1 in 5 couples who use financial apps said doing so has reduced the number of arguments they have about money, and it seems that apps which provide a shared view of finances are particularly useful for reducing arguments when couples have different attitudes towards money. Among app-using couples who said their attitudes were different (e.g., they have different views on how much to save, spend or borrow), 26% said that apps have reduced arguments, compared to 14% of couples with identical financial attitudes.
Financial arrangements between couples are by no means ‘one size fits all’. There are those who share everything jointly (32%), those who keep all money separate (32%) and some in the middle who use a mixed approach (36%).
No matter which approach couples take, even the best laid plans can go awry when they split – 1 in 6 people said they’d lost money that was supposed to be shared when they went their separate ways (£775 on average, but 1 in 4 lost at least £2,500).
For the most part though, people were complimentary about their partners’ attitudes towards money. When asked to sum-up their attitude with just one word, only 22% chose a negative word (the top three were careless, frivolous and tight), while 67% chose a positive word (top three: careful, sensible, cautious). The other 11% of words were more ambiguous, like laid-back, laissez-faire and free-flowing.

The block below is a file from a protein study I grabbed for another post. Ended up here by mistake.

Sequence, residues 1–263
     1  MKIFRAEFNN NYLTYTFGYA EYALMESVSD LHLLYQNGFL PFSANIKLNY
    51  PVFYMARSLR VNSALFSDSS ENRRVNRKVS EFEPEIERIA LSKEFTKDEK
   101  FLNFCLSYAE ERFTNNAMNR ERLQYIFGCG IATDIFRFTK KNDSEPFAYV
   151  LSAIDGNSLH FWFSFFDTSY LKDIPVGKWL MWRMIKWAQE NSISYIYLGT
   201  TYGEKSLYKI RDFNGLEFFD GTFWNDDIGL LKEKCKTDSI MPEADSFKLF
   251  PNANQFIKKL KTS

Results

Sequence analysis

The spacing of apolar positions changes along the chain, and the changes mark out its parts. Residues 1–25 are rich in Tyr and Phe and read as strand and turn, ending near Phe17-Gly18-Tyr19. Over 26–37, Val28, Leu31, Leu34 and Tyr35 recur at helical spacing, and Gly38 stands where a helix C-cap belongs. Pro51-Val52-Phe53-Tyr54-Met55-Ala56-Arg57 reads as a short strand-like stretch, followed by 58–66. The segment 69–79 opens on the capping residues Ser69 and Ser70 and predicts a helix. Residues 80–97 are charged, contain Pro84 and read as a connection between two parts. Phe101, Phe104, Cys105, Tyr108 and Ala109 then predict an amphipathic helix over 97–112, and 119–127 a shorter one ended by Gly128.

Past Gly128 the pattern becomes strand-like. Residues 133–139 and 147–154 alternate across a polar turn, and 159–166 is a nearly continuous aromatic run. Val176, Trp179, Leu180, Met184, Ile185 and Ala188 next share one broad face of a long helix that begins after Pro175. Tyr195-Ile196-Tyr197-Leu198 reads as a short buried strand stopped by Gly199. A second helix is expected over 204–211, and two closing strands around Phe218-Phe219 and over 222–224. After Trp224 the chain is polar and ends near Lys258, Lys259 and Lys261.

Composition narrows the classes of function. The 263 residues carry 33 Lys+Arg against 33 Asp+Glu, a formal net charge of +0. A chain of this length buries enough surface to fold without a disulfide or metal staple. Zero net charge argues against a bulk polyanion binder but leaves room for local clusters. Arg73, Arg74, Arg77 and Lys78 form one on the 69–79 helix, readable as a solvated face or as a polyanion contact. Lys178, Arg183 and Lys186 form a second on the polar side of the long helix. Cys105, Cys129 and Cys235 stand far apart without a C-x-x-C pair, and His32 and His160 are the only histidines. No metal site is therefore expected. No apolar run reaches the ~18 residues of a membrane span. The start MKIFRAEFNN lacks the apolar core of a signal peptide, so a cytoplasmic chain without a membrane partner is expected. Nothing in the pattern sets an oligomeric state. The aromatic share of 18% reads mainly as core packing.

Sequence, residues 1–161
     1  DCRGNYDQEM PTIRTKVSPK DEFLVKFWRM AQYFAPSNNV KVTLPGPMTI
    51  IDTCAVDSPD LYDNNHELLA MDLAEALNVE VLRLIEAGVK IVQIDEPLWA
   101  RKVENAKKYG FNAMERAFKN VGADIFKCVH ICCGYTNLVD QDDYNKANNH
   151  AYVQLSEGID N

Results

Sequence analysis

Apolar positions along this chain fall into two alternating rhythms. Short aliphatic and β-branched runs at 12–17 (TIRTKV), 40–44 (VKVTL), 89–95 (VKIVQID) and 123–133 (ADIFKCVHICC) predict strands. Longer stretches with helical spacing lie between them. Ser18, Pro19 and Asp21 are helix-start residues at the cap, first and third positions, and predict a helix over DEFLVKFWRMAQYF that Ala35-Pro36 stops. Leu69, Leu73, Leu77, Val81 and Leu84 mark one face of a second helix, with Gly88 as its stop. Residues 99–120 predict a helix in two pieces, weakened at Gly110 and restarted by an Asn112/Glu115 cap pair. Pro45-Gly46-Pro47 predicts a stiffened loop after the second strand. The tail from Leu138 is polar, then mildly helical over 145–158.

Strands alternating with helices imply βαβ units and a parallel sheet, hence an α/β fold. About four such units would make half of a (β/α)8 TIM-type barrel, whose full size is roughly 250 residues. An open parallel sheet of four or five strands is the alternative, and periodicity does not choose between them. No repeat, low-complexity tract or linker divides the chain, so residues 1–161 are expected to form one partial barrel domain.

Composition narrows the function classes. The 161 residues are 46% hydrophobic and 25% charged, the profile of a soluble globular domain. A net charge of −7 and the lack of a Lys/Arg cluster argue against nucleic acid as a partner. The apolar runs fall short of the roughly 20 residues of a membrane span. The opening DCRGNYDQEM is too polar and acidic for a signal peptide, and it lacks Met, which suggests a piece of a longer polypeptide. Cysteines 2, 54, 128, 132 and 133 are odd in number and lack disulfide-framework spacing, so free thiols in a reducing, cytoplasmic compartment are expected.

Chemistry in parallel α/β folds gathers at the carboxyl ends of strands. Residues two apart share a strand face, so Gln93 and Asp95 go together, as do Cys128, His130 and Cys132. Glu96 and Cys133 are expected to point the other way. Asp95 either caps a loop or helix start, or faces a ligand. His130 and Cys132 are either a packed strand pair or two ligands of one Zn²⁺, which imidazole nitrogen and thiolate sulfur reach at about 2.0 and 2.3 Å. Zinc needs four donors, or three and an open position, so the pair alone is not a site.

Legal & General surveyed 1,052 British people in cohabiting couples in November 2019. Respondents were aged 21 to 81, 523 of whom identified as female, 524 as male and five as other genders. Only couples living with each other in the same property were surveyed, as we wanted to explore how cohabiting couples manage their money.
The words respondents gave to summarise their partner’s attitude towards money were coded as positive, negative or ambiguous by using Sentic word lists categorised by sentiment. Manual review of the words and their coding according to the lists was used as a sense check and to decide if the categorisation of words felt accurate in a financial context.
The estimated number of people who’ve lost shared money to a partner was calculated using the percentage of respondents who said they’d lost money to a partner during a breakup, in combination with population estimates by marital status and living arrangements from the Office for National Statistics.